“By getting involved with a worldwide organization that continuously fights for the rights of children like UNICEF, I can gain valuable experience speaking with lawmakers about child safety,” she explains.

JWU UNICEF Student Club

To help students like Kirrane become global citizens and reach their professional goals, JWU has partnered with UNICEF USA to create an official UNICEF USA student club. The club will follow a detailed year-long curriculum that empowers all students to learn about global humanitarian issues with educational resources and hands-on activities. UNICEF will see JWU students in action and discover the many dimensions in which the university is helping people in need.

“JWU students will examine political, psychological and economic perspectives in a world that they will one day control and inherit,” says DeJesus. “They are a step ahead in applying what they learned in the classroom and will get their hands dirty figuring out how to make issues like healthcare relevant to everyday life.”

JWU’s Time-Tested Approach to Experiential Education

The university’s curriculum and multimedia approach help students engage with the world in close ways that lead to understanding while opening their minds to career opportunities. Initiatives like DeJesus' with UNICEF and the resulting JWU UNICEF student club meet the parameters of JWU 360, a holistic student experience that builds upon the tenets of Nutrition & Wellness, Experiential Learning, Academic Exploration & Discovery, and Social & Community Responsibility.

“This provides a fantastic opportunity for JWU students to not only help improve the human condition in a very concrete way, but it also empowers them politically through interaction and engagement.”

“Associate Professor DeJesus’ work with Ashlynn and others is a wonderful example of how we prepare students to pursue meaningful work that makes a difference in their world,” explains Michael Fein, Ph.D., dean of the John Hazen White College of Arts & Sciences. “Students reflect on complex, layered problems, while drawing on our time-tested approach to experiential education.”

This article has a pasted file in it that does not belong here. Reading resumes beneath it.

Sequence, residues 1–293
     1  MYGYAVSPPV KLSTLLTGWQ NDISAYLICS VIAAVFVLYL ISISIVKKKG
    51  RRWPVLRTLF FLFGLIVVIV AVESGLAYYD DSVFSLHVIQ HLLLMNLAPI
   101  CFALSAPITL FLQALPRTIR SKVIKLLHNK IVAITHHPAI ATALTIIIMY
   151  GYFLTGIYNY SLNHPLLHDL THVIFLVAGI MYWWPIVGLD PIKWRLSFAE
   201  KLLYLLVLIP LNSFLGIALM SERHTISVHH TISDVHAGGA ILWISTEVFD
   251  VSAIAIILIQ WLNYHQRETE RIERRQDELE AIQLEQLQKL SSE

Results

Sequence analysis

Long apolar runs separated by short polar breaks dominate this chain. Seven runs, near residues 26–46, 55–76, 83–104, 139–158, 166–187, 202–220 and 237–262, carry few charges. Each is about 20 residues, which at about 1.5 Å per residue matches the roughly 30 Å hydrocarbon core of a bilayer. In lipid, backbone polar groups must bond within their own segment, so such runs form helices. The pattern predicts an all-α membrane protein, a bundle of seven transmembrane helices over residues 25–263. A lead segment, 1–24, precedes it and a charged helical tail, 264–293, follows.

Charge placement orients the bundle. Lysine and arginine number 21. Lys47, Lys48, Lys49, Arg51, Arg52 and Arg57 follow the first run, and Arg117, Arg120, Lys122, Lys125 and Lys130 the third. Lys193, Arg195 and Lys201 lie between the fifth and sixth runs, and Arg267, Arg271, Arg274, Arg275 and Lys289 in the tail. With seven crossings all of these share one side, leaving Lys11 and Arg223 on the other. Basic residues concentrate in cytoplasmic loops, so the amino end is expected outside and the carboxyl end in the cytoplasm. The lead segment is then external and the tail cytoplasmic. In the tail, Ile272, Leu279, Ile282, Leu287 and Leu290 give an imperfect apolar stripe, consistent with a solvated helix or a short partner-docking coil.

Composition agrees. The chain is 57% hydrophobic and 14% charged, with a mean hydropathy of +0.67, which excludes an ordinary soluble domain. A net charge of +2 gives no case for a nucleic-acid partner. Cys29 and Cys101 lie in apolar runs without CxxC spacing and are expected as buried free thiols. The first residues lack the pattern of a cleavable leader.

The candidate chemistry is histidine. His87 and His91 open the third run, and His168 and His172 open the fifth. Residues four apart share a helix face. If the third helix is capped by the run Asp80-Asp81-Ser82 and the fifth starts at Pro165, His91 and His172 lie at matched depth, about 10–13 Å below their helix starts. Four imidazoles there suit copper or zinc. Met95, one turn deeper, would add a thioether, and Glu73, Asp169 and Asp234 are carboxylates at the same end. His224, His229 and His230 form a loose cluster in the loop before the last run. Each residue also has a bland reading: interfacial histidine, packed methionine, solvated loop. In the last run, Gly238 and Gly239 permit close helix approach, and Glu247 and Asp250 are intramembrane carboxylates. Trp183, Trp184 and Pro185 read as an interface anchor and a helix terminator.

A Deepened Sense of Their Own Human Experience

In DeJesus’ human rights, public policy and politics of social justice courses, guest speakers from organizations such as UNICEF and the United Nations help students understand their impact and provide a fuller picture of what international relations encompasses — from the struggle to forge a peace agreement to bringing displaced people back after a several years of armed conflicts.

DeJesus shares tales with students about his years studying how people, through no fault of their own, survive harrowing experiences such as the loss of homes and jobs, health crises, and threats of persecution for belonging to ethnocultural or religious minority groups. He even lived in a refugee camp in Beirut, Lebanon, for five months as part of his doctoral research. No matter the location, displacement camp residents welcomed him, fed him despite a lack of resources, and shared their stories. 

Iraqi Kurdistan Habib serves a family feast in a refuge camp with Associate Professor Kevin DeJesus as his guestAri Habeeb, a civil servant with the United Nations High Commission of Refugees (UNHCR), says, “We were delighted to meet with Professor Kevin DeJesus to support his efforts to learn as much as possible about the complex situation of the displaced persons driven out of their communities by ISIS attacks; to visit with individuals, families, and young people whom we serve; and to meet with staff from our agency to get a nuanced view of how the UNHCR, humanitarian [nongovernmental organizations], and local governments provide enduring, sustaining supports to refugees here in Iraqi Kurdistan and across the globe.”

By learning of the extreme situations in countries such as Liberia, Ukraine, Syria and Colombia — and hearing firsthand about what refugees their own age or younger have endured — students deepen their sense of their own human experiences. This prepares them to be good roommates, friends and peers to young people whose families may still be living in conflict zones.

“Everyday interconnections with our very globalized world take on all kinds of forms,” DeJesus adds. “I’m grateful that JWU fully supports this kind of professional engagement, particularly as it opens opportunities for our students. Johnson & Wales is the opportunity university; its focus on being powered by purpose and its commitment to making global citizens makes this combination work so well.”